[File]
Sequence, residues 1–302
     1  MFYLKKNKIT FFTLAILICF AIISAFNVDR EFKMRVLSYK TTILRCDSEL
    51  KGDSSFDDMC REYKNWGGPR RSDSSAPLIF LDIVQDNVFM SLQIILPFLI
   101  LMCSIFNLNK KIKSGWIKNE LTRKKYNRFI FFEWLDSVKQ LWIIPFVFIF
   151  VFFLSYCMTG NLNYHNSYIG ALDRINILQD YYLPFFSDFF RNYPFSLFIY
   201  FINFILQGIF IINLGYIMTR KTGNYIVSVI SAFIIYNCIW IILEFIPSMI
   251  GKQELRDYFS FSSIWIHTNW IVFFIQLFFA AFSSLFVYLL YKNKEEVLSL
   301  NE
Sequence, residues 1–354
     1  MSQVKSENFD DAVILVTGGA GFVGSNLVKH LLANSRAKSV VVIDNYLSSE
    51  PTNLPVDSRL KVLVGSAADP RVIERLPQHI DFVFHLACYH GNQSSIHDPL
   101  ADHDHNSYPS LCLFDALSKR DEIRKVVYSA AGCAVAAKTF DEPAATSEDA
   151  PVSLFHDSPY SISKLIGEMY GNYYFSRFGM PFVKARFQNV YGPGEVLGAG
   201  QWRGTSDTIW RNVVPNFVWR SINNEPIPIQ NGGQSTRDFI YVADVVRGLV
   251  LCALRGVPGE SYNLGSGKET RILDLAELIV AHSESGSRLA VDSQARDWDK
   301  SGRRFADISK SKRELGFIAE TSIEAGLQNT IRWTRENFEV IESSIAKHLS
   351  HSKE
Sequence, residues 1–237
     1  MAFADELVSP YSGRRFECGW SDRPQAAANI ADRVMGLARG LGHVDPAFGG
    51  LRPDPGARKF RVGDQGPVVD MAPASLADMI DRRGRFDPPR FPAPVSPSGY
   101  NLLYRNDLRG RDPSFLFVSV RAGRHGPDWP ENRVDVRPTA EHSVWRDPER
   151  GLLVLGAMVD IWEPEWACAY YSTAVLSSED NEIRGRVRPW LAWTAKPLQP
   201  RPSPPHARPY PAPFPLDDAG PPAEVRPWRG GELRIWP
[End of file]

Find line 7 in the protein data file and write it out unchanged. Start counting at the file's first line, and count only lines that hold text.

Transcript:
   251  GKQELRDYFS FSSIWIHTNW IVFFIQLFFA AFSSLFVYLL YKNKEEVLSL